• 4. Who is this handsome man with the sexy accent anyway?● If you were at last years 44Con & you dont know, you partied much too hard Thursday night● For the rest of you: – Professor at a medium size (1800 student) private university in Dubuque, Iowa – Programming from age 8 – Hacking hardware from age 12 – Also known to fly and build airplanes
  • 5. Roadmap● Choosing a platform● Selecting a base OS● Building a base system● The easy part – leveraging repositories● The slightly harder part – building tools● Building your own accessories● Demonstrations● Future directions
  • 6. Choosing a Platform● Small● Low-power● Affordable● Mature● Networking built in● Good USB support● Convenient input and output
  • 7. And the Winning Platform is...● Beagleboard – 3.25” square – <10 Watts – £125 (or buy in USA for only $149) – Based on Cortex A8 – 100 Mbs Ethernet built in – 4 high-speed USB plus USB-on-the-go – DVI-D, S-video, and LCD output – RS-232, webcam, audio, and microSD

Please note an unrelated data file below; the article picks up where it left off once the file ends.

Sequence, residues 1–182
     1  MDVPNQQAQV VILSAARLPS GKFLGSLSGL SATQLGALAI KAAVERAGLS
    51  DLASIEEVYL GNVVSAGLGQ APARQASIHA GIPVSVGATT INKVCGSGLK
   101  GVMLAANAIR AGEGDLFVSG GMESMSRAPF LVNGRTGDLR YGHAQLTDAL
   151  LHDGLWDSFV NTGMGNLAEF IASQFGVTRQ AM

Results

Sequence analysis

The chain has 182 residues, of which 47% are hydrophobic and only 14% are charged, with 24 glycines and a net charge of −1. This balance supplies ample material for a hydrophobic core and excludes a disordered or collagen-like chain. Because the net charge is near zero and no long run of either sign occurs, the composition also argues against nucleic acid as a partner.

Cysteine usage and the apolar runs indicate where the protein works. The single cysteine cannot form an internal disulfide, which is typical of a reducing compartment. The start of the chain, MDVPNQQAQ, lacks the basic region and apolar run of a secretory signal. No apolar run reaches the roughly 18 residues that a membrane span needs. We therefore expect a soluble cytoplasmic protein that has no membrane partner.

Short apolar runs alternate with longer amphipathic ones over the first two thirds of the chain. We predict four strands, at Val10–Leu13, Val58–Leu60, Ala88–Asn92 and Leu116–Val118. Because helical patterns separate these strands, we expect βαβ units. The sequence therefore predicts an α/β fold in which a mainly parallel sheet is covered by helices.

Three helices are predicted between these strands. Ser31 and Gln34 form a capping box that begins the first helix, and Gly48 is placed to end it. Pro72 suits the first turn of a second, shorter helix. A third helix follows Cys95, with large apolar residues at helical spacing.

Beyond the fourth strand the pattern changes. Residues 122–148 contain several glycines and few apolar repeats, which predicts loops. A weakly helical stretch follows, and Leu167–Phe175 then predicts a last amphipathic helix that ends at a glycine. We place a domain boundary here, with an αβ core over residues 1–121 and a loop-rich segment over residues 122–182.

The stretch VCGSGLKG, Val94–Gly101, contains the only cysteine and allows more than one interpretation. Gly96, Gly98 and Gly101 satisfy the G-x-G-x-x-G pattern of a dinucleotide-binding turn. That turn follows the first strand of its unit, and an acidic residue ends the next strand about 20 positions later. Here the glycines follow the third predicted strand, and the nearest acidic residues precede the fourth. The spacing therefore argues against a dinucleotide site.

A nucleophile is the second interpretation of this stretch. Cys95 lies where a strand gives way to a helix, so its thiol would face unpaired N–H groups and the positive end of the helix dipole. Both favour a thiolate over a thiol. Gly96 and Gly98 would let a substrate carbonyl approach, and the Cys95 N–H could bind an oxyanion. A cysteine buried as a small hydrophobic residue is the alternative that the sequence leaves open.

• 8. Beagleboard
  • 9. Selecting a Base OS● Angstrom comes in the box – Optimized for hardware – Nice package management – Poor repository support for our purposes● Ubuntu is available – Backtrack is based on Ubuntu – Ubuntu is very popular – Good repository and community support
  • 10. Building a Base Device● Upgrade to 16GB microSD (8GB would work, but go big)● Download an image for microSD card – Canonical image or – Robert C. Nelson demo images – I used Nelsons because they are tweaked for Beagleboard and updated frequently● Good instructions available at http://elinux.org/BeagleBoardUbuntu
  • 11. The Easy Part – Using Repositories● Many of the tools we want are available in the standard Ubuntu repositories● Some are also available as .deb files – Packages written in interpreted languages (Java, Python, PERL, Ruby) usually work out of the box – C-based packages depend on libraries that may or may not be available/installed